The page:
1

ken

noun \ ˈken \

Definition of ken

1 :the range of perception, understanding, or knowledge
  • abstract words that are beyond the ken of young children
  • —Lois M. Rettie
2 a :the range of vision
b :sight, view
  • 'tis double death to drown in ken of shore
  • —William Shakespeare

ken was our Word of the Day on 05/29/2016. Hear the podcast!

Recent Examples of ken from the Web

These example sentences are selected automatically from various online news sources to reflect current usage of the word 'ken.' Views expressed in the examples do not represent the opinion of Merriam-Webster or its editors. Send us feedback.

First Known Use of ken

1590


2

ken

verb

Definition of ken

kenned; kenning
transitive verb
1 archaic :see
2 chiefly dialectal :recognize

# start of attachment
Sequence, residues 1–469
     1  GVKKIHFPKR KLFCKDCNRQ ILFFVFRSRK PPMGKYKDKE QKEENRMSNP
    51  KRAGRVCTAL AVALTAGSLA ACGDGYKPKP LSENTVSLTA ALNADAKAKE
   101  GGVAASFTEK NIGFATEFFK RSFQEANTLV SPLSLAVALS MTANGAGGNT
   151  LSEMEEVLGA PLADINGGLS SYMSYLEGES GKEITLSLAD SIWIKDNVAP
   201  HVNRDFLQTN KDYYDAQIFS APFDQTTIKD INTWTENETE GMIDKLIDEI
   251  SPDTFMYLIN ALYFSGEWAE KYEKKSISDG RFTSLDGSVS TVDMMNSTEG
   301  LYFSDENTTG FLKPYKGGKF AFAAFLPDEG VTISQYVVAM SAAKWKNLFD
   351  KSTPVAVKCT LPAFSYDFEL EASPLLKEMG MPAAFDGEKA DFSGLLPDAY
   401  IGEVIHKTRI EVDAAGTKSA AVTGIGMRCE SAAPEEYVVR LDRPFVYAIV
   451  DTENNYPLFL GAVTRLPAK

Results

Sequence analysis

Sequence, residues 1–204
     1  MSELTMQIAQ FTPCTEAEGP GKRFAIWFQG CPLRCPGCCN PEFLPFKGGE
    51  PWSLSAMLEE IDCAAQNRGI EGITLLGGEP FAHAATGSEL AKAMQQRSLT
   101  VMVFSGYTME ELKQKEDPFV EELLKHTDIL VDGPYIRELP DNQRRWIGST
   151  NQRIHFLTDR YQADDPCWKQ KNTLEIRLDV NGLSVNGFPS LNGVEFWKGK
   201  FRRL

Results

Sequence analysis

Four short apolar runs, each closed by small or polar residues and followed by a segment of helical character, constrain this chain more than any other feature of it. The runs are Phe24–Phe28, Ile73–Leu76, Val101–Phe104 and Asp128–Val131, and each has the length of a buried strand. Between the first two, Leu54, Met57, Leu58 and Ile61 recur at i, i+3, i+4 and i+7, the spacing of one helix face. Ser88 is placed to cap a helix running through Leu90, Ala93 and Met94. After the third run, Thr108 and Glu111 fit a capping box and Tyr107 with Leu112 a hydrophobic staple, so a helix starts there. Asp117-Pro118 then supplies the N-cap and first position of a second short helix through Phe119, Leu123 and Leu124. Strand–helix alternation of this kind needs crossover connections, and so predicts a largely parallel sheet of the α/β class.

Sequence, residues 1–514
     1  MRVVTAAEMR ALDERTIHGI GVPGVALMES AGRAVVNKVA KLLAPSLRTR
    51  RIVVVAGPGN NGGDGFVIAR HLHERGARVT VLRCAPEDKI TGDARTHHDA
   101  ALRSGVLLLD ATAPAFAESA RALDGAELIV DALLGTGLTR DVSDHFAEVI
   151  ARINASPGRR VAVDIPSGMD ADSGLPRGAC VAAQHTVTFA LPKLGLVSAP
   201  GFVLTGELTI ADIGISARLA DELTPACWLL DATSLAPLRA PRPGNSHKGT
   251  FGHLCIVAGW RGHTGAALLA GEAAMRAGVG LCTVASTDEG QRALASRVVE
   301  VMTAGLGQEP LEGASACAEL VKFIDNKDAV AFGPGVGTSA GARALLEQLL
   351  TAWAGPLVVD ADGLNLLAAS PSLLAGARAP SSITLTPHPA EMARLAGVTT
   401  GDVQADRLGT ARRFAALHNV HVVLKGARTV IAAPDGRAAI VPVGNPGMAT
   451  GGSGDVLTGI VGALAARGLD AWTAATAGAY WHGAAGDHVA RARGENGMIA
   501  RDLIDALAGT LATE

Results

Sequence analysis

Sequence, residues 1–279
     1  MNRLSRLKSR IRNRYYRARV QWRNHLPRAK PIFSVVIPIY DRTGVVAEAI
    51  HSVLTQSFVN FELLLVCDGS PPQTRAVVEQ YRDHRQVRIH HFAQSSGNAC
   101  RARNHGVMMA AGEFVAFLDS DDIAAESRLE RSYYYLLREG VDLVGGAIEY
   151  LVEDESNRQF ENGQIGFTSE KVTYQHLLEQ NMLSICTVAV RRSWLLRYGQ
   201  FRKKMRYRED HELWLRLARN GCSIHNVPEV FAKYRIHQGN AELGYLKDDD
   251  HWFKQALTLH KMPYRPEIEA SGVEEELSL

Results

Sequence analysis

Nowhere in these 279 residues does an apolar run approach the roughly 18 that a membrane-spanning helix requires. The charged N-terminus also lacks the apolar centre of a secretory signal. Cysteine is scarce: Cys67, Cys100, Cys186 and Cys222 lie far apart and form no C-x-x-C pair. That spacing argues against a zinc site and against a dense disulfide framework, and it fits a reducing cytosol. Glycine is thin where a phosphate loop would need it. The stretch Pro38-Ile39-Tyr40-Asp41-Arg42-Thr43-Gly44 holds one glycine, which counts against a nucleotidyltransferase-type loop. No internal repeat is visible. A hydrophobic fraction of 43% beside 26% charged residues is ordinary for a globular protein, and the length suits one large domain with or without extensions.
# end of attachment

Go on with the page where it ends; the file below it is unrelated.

3 chiefly Scotland :know
intransitive verb
chiefly Scotland :know

Understanding ken

Ken appeared on the English horizon in the 16th century as a term of measurement of the distance bounding the range of ordinary vision at sea—about 20 miles. British author John Lyly used that sense in 1580 when he wrote, "They are safely come within a ken of Dover." Other 16th-century writers used ken to mean "range of vision" ("Out of ken we were ere the Countesse came from the feast." — Thomas Nashe) or "sight" ("'Tis double death to drown in ken of shore." — Shakespeare). Today, however, ken rarely suggests literal sight. Rather, ken nowadays almost always implies a range of perception, understanding, or knowledge.

Origin and Etymology of ken

Middle English kennen, from Old English cennan to make known & Old Norse kenna to perceive; both akin to Old English can know — more at can




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